A blockchain is a shared database. It stores information in digital format; identical copies are distributed among different computers (nodes) of a network (a so-called “distributed ledger“). For this reason, it is more secure than a standard database: different nodes hold the same data. Even if a hacker (or a pool of hackers) alters a copy, the legit nodes can isolate it as illegitimate.
A blockchain is complicated to modify for two reasons.
The data are recorded in different nodes, and the modifications need the consensus of the majority of them.
A blockchain collects the information in groups, called blocks (hence the name). Once a block is closed, it is added after the previously filled blocks in the database timeline, building a chain in chronological order. The timeline is irreversible: no one can modify it without altering subsequent blocks.
A blockchain could be permissionless (always public): everybody can join the network. The security comes from cryptography and a consensus system. Or it could also be permissioned: each node needs approbation before joining. It must be considered reliable by a central entity, which also sets the rules.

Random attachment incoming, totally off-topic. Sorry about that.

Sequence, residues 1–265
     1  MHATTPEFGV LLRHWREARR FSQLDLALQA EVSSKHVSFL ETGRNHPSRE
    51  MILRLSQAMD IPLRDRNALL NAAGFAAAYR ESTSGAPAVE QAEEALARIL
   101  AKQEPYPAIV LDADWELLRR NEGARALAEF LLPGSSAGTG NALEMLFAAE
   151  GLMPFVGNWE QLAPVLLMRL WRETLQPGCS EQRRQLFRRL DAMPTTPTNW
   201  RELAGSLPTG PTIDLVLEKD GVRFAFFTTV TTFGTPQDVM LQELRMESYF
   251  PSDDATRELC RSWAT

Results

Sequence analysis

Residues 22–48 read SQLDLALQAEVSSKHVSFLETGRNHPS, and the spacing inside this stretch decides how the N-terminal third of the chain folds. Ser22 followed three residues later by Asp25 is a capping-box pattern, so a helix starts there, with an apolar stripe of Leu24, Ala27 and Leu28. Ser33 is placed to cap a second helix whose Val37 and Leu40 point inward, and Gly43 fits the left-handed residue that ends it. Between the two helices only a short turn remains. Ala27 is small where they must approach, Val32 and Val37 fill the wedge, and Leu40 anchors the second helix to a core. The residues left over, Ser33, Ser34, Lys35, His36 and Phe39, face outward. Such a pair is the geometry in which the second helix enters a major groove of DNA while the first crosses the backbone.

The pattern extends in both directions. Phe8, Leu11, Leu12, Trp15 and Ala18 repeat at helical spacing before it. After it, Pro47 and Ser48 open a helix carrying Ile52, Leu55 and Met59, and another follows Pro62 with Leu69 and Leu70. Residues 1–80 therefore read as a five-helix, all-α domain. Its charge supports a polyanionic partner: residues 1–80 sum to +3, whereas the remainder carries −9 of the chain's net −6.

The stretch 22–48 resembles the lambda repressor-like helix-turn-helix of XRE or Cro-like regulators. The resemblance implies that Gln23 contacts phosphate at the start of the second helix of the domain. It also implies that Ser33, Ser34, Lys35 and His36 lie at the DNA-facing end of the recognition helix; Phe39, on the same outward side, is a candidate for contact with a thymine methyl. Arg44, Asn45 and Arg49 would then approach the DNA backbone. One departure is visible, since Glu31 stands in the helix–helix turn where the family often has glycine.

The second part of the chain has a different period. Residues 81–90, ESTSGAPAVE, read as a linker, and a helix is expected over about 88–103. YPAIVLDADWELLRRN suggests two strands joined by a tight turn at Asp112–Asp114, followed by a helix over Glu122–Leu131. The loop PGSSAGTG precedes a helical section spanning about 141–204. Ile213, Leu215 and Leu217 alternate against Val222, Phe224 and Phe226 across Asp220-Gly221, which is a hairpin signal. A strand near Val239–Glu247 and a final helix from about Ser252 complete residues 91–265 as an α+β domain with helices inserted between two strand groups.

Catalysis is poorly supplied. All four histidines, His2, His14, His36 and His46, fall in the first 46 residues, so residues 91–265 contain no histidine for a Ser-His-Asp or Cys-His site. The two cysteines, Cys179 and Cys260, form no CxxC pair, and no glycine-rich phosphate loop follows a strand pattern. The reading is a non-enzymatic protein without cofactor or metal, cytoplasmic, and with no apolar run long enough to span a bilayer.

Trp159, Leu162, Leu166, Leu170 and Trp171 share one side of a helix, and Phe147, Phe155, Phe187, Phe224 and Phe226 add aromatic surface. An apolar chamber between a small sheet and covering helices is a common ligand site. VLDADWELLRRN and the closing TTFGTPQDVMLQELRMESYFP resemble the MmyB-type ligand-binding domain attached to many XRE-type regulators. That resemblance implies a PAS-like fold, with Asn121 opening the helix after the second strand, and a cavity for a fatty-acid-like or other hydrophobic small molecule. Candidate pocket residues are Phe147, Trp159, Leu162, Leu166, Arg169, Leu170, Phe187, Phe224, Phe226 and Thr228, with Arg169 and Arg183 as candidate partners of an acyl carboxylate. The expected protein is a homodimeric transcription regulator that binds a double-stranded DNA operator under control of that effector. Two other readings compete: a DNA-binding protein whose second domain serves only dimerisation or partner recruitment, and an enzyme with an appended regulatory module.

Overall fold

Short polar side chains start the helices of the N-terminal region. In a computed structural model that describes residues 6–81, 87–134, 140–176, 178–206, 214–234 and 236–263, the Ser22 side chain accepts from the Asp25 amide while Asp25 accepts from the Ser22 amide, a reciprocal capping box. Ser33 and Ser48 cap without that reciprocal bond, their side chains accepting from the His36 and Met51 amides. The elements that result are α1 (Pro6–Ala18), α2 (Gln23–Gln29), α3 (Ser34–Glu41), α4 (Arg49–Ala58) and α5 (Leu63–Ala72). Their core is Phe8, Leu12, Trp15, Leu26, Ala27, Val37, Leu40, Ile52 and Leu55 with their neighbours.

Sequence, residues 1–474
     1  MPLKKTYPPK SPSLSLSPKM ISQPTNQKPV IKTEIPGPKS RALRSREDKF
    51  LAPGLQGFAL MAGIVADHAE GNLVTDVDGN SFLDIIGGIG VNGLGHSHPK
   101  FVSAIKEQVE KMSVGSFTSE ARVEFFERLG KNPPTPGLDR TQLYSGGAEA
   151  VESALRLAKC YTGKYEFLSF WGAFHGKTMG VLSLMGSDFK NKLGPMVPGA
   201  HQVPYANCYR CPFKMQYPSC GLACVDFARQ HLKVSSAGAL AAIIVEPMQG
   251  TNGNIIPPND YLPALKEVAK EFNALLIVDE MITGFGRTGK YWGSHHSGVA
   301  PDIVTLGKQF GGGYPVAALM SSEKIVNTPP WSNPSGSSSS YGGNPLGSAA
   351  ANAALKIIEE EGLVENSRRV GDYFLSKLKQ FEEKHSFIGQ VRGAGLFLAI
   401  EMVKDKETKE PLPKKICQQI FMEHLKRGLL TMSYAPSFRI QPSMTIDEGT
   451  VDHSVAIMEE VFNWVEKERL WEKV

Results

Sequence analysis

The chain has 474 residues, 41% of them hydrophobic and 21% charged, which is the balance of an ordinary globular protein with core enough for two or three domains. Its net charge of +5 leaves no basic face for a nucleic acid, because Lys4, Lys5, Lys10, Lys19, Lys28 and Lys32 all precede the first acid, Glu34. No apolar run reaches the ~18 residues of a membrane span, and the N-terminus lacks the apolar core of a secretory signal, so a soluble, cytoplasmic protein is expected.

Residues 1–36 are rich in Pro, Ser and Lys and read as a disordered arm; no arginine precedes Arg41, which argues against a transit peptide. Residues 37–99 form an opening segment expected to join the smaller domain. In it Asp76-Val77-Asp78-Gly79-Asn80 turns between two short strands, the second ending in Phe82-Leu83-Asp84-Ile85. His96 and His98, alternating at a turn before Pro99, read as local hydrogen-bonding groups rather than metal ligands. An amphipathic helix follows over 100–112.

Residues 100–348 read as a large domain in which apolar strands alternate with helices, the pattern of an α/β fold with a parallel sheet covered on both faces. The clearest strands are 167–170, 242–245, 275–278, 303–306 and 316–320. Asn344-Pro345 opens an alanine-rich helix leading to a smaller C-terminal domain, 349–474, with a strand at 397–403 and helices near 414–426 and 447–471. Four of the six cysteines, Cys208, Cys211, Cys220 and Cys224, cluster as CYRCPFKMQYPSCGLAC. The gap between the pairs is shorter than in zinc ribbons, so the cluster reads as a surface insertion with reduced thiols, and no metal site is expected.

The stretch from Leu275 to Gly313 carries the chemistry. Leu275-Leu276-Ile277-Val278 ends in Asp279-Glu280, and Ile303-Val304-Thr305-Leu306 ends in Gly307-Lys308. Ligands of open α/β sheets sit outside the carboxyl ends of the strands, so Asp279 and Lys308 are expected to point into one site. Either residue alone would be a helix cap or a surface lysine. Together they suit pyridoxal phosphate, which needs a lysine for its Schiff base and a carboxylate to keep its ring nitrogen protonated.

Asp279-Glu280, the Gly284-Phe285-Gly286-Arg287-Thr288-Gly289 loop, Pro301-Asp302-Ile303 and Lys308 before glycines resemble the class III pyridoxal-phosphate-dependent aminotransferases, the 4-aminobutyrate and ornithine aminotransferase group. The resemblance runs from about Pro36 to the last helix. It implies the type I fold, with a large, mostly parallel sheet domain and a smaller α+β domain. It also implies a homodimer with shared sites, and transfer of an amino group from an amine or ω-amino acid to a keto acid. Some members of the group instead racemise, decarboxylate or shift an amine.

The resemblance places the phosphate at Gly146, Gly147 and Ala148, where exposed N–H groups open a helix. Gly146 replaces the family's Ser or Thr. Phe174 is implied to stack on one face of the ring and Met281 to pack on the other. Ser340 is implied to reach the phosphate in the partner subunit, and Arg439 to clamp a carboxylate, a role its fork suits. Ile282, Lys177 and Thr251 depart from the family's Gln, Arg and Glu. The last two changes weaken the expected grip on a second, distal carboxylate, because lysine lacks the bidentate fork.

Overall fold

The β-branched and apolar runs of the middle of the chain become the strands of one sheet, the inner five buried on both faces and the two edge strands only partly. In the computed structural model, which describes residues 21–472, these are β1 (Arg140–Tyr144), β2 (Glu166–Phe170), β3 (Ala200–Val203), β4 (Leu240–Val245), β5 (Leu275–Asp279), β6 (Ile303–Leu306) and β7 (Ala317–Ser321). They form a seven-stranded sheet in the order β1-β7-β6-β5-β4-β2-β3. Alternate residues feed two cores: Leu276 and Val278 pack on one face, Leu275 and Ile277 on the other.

Blockchain and cryptocurrencies
Blockchain became famous for its use with cryptocurrencies, such as Bitcoin or Ethereum. Transactions with these currencies are recorded (with encryption) on the corresponding blockchain, generating trust among the users despite the absence of a designated controller. It is a technology fit for Defi (Decentralized Finance): there aren’t central intermediaries (banks, institutions, professionals) to rely on, but the technology could make up for third party entities.
The transfers between cryptocurrencies wallets are usually visible (they are public in the majority of the cases). Everyone can check the origin wallet address and the transaction amount on a blockchain explorer. Yet, the users remain anonymous (at least until they don’t provide proof of identity, for example, when changing the cryptos into fiat).
Cyber investigators can use these data to track illicit funds. Criminals often request ransom payments in cryptocurrency since the wallets are anonymous. Then, they try to launder the money, splitting and transferring the value from one wallet to another (also using services of mixing, which can obscure the provenience of the sums). Thanks to the blockchain, police can follow the money movements (often, even if obfuscated with a mixer). Suppose the amount goes through a compliant exchange. In that case, the authorities can freeze the funds or recover them due to illegal activity.